Imagine instead a good introduction; you learn a few tidbits, and you think: “Oh, ok, tell me more…”

So here’s how to write an intro:

Dear NAME OF THE CHAIR and Members of the Search Committee (and variations thereof)

“I am writing to apply to the advertised position of Assistant Professor in XX. I have a Ph.D. in XXX/I am completing a Ph.D. in XXX and will be defending my dissertation on XX, 2018.  Currently I am a….   My research focuses on XX and YY.”

That’s it. Really. The last sentence serves as segue into your research paragraph (a crisp, concise, factual paragraph that outlines your topic, methods, theory, findings, conclusion and funding, in about 5-6 sentences).

The intro is like a business card. Unless your name is “Daenerys Stormborn of the House Targaryen, First of Her Name, the Unburnt, Queen of the Andals and the First Men, Khaleesi of the Great Grass Sea, Breaker of Chains, and Mother of Dragons” (in which case I give you permission to disregard everything in this post), your card will not give too much info; it will just situate you.

I always say that the intro paragraph to the CL is your GPS locator. The SC needs to know where you are and where you came from, and that’s about it.

The job letter can get complicated, so allow yourself simplicity at the beginning.

–> If you want more help on the cover letter, check out Art of the Cover Letter, our digital program that walks you through all 9 paragraphs of an academic cover letter, with posts, worksheets, models, and video instruction by me, Dr. Karen. It produces amazing results.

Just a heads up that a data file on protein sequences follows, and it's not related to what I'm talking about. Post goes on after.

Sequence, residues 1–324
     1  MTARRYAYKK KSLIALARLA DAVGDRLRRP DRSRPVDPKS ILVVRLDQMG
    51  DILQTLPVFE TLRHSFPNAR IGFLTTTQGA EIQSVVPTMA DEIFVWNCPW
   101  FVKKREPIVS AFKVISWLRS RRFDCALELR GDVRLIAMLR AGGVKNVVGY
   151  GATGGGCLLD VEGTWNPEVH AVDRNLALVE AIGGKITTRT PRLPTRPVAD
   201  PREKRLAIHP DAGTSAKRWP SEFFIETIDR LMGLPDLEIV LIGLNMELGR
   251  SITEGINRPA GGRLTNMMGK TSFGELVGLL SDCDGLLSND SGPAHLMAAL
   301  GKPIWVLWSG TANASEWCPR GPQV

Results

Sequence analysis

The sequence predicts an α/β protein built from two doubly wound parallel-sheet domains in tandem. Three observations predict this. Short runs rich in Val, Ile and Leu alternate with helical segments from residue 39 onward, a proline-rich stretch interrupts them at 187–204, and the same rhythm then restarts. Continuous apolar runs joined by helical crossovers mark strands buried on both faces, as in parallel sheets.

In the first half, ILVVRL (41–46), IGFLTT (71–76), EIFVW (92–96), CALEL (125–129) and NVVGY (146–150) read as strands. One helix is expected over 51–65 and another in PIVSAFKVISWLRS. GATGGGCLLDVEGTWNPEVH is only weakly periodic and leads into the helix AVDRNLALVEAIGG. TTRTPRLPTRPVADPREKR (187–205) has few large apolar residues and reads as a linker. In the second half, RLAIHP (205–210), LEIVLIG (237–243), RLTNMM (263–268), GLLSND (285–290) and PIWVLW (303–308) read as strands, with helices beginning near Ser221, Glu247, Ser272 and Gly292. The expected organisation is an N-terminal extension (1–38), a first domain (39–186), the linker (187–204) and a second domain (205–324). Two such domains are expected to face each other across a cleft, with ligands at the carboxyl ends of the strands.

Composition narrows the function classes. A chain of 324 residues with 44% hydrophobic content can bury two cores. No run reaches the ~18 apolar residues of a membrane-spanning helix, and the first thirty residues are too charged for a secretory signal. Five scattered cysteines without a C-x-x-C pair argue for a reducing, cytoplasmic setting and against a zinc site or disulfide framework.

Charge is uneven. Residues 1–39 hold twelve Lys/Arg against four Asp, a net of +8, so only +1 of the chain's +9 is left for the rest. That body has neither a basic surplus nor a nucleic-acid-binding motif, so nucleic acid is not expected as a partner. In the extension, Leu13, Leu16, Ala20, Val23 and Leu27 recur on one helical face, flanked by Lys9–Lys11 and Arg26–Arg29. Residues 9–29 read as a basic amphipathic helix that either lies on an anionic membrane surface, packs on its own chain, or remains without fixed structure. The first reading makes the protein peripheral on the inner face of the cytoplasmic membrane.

Productivity Tuesday: False Beliefs (with coaching podcast!)

Kellee Weinhold

By Kellee Weinhold, TPII Productivity Coach

Welcome to the Productivity Post and Podcast! Each Tuesday, I post a short blog post and recorded coaching session.

Keep reading and then click on the recording link below to learn how to recognize false beliefs and make friends with your personal Blue Meanies! 🙂

The Topic This Week: False Beliefs

If you are struggling to write, I can pretty much guarantee you that your avoidance is based on false beliefs. Beliefs that you have carefully cultivated and fed until they have become the monsters blocking the door to productivity. And, to make matters worse, every time you walk up to that door and see the snarling beast, you probably freak out and feed it again, with negative self talk (made up of many of the stories I wrote about in last week’s post.)

The thing is, you didn’t come to this dark and twisty place overnight, or with a single bad experience. Rather, you slowly trained the beast (which is actually just your brain) that writing was something to be afraid of.  And you didn’t do it with what you say to yourself, but with actual lived experiences.